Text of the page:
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FURTHERING ENVIRONMENTAL EDUCATION IN D.C.

FURTHERING ENVIRONMENTAL EDUCATION IN D.C.

The Green Model

Kiley Jacques

Multiple organizations and hundreds of individuals band together in the name of environmental literacy.

Environmental education consultant Rebecca Davis is deeply aware of the complexities involved in turning D.C.’s schools into models of sustainability. With grant funding from both the National Oceanic and Atmospheric Administration (NOAA) and Clean Air Partners, Davis works on behalf of the DC Environmental Education Consortium (DCEEC) to help construct an “environmental literacy framework” for the city’s students. This framework brings together information, attitudes and skills necessary to make informed decisions about natural and urban systems.

DCEEC comprises 20 to 30 organizations who work together to bolster a network of environmental and conservation educators, increasing their capacity to provide meaningful environmental education. Together with DC Greens—whose mission it is to help area residents gain access to healthy, affordable foods—and the Anacostia Watershed Society (AWS), which works to restore the river and its tributaries to a swimmable and fishable state, the consortium is integral to realizing the mayor’s vision of “greening” D.C.’s schools.

Heeding the call of the Healthy Schools Act of 2010, the three organizations, in collaboration with school educators, have banded together to prioritize the health and wellness of students throughout the District. Toward that end, the Environmental Literacy Plan provides a road map for standards, professional development, assessments and leadership that will help secure district-wide implementation and integration of environmental education into the K-12 curriculum.

Davis works both with DCEEC and Metropolitan Washington Council Government addressing issues related to energy, climate change and air quality—her branch of the effort covers those areas. AWS addresses the watershed and water-testing component. And DC Greens looks at land use, school gardens and nutrition.

“Each of our organizational missions represents a different aspect of environmental education,” explains DC Greens director of education Sarah Holway Bernardi. “We feel that together, we bring a full spectrum of expertise to the project, which is why we teamed up.”

The effort is being funded by a grant resulting from the Sustainable DC Mayor’s Budget Challenge. To date, eight schools have been chosen to serve as models—one school in each of the city’s eight wards—“because sometimes things happen in one part of the city and not in another,” explains Davis.

Criteria for choosing schools had much to do with existing programs.

“One of the reasons we picked the schools that we did,” notes Davis, “is that they were already doing a lot of things. One of the schools has a chicken coop, a school garden, a little weekly market.”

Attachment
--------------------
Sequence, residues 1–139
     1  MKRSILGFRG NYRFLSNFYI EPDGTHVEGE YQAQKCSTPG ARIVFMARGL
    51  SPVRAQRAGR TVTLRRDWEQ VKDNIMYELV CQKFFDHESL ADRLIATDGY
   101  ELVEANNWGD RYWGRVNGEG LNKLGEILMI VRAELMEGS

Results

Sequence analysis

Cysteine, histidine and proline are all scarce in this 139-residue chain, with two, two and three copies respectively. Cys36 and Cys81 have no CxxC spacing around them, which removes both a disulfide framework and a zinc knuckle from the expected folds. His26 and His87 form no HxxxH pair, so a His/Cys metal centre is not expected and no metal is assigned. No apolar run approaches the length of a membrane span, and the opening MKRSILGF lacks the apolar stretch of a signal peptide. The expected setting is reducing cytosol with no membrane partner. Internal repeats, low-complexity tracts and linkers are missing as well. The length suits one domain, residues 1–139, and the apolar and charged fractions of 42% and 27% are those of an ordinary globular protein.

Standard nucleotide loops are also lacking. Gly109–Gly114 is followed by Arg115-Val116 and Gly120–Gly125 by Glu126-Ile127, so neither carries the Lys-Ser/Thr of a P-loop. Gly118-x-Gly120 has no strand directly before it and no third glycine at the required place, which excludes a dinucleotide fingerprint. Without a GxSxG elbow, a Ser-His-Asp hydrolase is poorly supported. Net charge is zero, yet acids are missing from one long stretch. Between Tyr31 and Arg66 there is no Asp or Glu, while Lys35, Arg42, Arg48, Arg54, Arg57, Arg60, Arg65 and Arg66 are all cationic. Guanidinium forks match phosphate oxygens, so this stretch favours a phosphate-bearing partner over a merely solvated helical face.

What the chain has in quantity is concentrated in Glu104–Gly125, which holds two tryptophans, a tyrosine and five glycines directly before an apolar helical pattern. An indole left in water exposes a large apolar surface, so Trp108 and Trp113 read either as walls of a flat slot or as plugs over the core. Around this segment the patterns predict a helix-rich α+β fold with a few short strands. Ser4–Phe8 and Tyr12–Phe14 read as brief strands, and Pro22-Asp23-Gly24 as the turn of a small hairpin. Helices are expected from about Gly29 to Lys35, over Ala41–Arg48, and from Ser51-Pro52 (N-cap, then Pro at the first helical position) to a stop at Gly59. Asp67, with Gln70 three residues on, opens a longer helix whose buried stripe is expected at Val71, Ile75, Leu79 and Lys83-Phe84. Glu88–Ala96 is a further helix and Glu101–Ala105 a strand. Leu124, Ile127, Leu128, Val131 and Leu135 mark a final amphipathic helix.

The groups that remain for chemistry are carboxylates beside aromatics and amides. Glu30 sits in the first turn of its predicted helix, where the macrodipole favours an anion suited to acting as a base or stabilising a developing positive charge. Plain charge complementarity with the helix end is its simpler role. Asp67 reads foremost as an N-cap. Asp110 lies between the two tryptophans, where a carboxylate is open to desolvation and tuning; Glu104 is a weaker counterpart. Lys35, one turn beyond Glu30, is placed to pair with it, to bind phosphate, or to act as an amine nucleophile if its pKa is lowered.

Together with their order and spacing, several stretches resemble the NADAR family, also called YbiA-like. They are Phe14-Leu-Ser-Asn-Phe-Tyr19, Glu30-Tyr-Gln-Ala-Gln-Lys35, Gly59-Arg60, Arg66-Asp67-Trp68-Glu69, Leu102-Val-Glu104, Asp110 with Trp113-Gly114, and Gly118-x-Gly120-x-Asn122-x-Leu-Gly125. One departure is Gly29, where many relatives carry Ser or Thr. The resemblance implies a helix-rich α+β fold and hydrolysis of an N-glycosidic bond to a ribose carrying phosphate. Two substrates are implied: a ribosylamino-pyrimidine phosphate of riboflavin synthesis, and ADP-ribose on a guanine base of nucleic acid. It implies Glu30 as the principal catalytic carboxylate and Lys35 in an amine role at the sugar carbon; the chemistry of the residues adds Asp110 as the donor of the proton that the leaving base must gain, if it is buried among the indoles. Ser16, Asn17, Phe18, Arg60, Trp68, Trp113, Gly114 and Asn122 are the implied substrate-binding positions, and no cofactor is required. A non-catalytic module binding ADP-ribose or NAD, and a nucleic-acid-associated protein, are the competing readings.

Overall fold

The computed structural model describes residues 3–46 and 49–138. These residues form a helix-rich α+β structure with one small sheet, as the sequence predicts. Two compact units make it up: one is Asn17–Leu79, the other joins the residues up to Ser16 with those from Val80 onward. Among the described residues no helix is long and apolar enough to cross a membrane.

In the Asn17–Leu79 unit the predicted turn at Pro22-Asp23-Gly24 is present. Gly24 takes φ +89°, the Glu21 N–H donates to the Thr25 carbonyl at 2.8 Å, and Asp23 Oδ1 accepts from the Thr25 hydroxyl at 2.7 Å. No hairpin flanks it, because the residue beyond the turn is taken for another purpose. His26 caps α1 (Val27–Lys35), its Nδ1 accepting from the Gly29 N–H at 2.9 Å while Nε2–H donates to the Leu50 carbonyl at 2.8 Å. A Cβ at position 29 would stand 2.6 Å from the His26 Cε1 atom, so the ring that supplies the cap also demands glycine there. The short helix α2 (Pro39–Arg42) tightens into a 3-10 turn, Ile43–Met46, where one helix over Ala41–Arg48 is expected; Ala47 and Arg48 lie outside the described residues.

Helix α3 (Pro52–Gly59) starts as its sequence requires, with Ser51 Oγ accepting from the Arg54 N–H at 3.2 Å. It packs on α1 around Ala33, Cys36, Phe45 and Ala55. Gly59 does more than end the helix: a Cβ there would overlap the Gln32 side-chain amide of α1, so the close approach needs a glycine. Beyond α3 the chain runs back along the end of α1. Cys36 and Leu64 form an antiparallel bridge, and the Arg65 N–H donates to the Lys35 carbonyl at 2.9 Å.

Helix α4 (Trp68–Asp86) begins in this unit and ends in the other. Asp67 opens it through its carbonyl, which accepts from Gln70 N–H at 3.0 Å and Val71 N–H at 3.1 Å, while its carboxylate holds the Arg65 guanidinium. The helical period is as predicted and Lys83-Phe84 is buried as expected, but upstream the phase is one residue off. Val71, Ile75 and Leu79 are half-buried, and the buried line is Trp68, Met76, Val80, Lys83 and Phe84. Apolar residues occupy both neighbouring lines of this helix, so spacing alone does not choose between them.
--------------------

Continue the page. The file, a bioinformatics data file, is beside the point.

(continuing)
Additionally, they were looking for a diverse ethnic and socioeconomic student population. In D.C., there is a near 50:50 ratio of public to charter schools. The eight model schools are a combination of the two as well as a mix of elementary, middle and high schools.

Furthermore, Davis explains, “We tried to choose schools that had administrators that were receptive to the whole idea. We needed administrators who were willing to both work in their own schools and … then be ambassadors.”

Each school selected an environmental educator coordinator and received a stipend of $2,500. These coordinators serve as points of contact.

“This year has been focused on bringing teachers from each school together to work on the framework,” says Bernardi. “We wanted it to be rooted in what’s already being well taught in our schools.”

To get the ball rolling, Davis, Bernardi, Arial Trahan from AWS and the head of the Sustainable DC Plan, Brendan Shane, met in October to talk about what it would all look like. They discussed the plan in terms of what is happening at the national level, as well as local efforts like the Next Generation Science Standard, which provides guidelines that a lot of states want to incorporate into their science studies.

One of the biggest ideas at this stage is getting students to think about their effect on environmental health.

“There’s a sort of concentric idea we are looking for,” notes Davis. Kids in grades K-3 look at what they can do as individuals; starting in fourth grade they look at their neighborhoods; by fifth grade they are looking at the Chesapeake Bay, the wider community, their local government and the nation. Educators explore with them actions they can take. “There’s a fair bit of repetition, but the repetition builds in complexity,” says Davis.

The next step is to figure out how to implement the framework throughout the city. The group is hoping to create an environmental literacy coordinator position at the Office of State Superintendent Education (OSSE).

“Then the implementation might be a little more rigorous. Right now it’s just kind of do what you can,” says Davis.

Teachers will be the “first sphere of influence”— other schools will look to the models to see what is feasible for their own facility and curriculum.

For the next two years, all who are involved will act at every level to get kids thinking about their environment.

But, as Davis points out, “it will only work if the teachers are into it. I can come up with all kinds of ideas, but the teachers ground it in reality.”

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